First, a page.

AVBCC hosts town hall breakfast with Buck McKeon
Answers less than satisfactory
PALMDALE, Calif.—The Antelope Valley Black Chamber of Commerce (AVBCC) hosted a special breakfast town hall meeting with 25th District congressional representative Buck McKeon, and unfortunately, he arrived late and was only able to address a small fraction of the 15 prepared questions community members and AVBCC affiliates submitted. Some of his responses produced no satisfying answer for some attendees.
On the subject of the local economy, he was asked about his vision for Antelope Valley, but said he leaves AV’s economic development to local leaders.
“The economic development should be decided by the economic chambers, the councils, the local leaders,” he said at the breakfast. “I represent you in Washington, I live in Santa Clarita and I don’t presume to tell you how to plan your economic development.”
Audience members were quite unsatisfied with his answer. Nannette Barrie, a local Keller Williams real estate agent, commented saying she thinks he is disconnected from the community.
“He’s not really engaged with us, because a lot of the questions that were asked, he kept saying ‘I don’t know, I don’t know, I don’t know,’” she noted. “Specifically on economic development, he said ‘I don’t know, that’s up to the local leaders.’ But the question was what is your vision, and I think that every leader should at least have a vision for the area and then they can leave it up to the local leaders to do whatever, but at least contribute that vision.”
About bringing businesses to the area and enhancing the ones that are there, McKeon said because of the economy, many businesses and individuals are afraid to take any risks, therefore, making it difficult for the economy to flourish and return to its thriving nature. However, he did not disclose a plan of action to change this stalemate.
The “Black question,” was another disappointing answer with which several audiences members were unsatisfied.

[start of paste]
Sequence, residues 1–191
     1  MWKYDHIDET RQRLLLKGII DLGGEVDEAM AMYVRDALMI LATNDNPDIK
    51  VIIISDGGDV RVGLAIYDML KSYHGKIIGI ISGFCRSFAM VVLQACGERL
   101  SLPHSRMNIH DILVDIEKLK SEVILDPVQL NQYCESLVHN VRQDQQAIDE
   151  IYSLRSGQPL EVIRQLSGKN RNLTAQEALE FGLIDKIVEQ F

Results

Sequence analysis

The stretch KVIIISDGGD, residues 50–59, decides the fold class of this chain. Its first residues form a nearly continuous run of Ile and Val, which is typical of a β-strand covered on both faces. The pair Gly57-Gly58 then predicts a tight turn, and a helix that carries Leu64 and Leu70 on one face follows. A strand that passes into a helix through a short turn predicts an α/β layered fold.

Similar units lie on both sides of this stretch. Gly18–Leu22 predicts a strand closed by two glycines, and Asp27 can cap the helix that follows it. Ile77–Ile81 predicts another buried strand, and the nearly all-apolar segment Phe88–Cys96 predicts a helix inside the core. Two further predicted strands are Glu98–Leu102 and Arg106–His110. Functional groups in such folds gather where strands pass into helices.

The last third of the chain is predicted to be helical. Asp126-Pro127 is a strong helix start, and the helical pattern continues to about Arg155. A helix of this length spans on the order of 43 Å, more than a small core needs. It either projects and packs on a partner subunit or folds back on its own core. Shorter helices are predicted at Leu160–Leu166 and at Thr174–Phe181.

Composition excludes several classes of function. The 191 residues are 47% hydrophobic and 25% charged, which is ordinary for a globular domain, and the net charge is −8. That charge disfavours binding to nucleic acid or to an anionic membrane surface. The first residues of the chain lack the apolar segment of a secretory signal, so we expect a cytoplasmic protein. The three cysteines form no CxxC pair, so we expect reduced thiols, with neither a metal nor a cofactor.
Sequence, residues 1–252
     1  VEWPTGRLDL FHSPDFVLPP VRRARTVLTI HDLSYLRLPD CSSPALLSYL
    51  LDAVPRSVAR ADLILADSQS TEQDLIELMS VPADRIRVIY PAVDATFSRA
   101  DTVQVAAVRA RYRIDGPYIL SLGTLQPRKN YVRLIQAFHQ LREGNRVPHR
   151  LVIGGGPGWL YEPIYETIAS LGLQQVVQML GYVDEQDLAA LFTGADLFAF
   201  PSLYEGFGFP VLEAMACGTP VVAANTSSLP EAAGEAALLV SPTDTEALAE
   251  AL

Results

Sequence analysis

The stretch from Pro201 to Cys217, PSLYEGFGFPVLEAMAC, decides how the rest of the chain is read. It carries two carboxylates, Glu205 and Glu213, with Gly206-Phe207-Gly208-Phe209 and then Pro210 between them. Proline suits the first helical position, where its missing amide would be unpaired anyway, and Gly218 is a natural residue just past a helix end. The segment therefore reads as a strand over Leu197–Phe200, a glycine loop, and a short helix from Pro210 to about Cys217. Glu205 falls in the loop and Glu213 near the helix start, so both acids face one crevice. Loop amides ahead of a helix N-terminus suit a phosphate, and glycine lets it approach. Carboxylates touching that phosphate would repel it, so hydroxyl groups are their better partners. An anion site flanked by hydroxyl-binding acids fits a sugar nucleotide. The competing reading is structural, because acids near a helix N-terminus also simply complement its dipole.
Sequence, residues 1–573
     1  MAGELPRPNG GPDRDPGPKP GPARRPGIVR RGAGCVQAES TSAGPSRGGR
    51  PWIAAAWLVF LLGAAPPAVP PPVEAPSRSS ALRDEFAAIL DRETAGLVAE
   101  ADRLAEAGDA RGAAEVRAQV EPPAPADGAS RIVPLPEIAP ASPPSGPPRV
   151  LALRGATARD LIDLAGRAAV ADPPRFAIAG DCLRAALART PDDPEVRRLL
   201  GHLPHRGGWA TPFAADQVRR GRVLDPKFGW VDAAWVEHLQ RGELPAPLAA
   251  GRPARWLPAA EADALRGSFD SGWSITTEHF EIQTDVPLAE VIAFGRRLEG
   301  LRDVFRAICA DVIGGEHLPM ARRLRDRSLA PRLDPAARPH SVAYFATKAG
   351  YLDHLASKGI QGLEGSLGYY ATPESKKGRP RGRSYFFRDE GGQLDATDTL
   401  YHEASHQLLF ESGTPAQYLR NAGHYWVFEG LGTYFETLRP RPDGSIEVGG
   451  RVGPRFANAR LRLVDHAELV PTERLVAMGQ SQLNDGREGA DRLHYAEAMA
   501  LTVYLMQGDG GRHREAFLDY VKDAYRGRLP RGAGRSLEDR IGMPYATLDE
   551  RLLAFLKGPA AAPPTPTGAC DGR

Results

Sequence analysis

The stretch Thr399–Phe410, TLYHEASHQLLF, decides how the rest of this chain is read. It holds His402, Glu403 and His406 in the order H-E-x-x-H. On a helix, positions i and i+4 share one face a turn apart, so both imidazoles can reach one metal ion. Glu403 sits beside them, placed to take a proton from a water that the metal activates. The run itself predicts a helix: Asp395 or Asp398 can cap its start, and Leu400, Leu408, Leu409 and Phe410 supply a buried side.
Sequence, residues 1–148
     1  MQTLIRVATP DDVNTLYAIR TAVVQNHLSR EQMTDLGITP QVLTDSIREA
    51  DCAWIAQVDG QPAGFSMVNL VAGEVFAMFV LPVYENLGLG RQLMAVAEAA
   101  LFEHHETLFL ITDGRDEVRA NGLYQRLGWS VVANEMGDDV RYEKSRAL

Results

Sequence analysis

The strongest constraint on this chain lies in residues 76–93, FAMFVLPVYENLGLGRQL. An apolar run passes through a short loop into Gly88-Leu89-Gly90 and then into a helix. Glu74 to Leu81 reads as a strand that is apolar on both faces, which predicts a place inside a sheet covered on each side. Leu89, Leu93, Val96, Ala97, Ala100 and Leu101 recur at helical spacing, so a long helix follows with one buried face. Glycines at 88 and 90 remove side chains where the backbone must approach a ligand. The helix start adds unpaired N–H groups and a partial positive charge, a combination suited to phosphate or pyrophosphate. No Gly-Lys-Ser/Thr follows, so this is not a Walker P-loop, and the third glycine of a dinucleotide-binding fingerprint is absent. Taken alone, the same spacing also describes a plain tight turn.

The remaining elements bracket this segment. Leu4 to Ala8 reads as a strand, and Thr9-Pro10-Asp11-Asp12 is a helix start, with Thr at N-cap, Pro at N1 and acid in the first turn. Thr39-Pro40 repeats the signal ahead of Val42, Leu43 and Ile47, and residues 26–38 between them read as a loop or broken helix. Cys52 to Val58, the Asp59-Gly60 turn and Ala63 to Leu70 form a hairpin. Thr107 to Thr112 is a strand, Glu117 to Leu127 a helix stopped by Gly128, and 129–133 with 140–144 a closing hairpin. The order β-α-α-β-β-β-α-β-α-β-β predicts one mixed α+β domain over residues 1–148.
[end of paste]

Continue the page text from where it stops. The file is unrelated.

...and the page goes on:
OW Vice President/ General Manager and the event emcee David Miller asked, “The African American community is disproportionately disenfranchised by the felony check-box required on employment applications. Where is that piece of legislation to have it removed today?”
McKeon answered, “I don’t know. I serve on the education labor committee, and I serve on the armed services committee. The jurisdiction of that would probably be judiciary. I don’t know, I can’t tell you where that stands.”
McKeon’s field representative, Andre Hollings interjected saying the office will get back to AVBCC.
Jonathan Irvin, former Lancaster City Council candidate, felt McKeon’s vision, or lack thereof, was short sighted.
“I felt that he could have elaborated a little more on his answers. The recession dictates that you really need to let people know what you are going to do, when you go to Washington with the issues we are having right now,” he said. “And I wanted a more elaborate explanation on what his plan to work with the administration (is), as opposed to saying no to this and no to that. What are you for? I didn’t hear that.”
Education is a top concern for the Valley, as it is for people throughout the region. McKeon shared that reformation needs to be implemented statewide, adding that alternative education should be available for students to bring down drop-out rates. He recommended that the state should institute more apprenticeship and trade opportunities. He mentioned that college is not for everyone.
Barrie said she appreciated and agreed with McKeon’s position on education.
Veteran Antelope Valley legislators are returning to Congress and the state government facing a number of critical pocketbook issues. Below are those who have been re-elected as well as new countywide officials.
Buck McKeon will represent the 25th District which in part encompasses the cities of Palmdale, Santa Clarita, and Lancaster, all in the top 100 fastest growing cities of the U.S. The district also includes the Santa Clarita and Antelope valleys.
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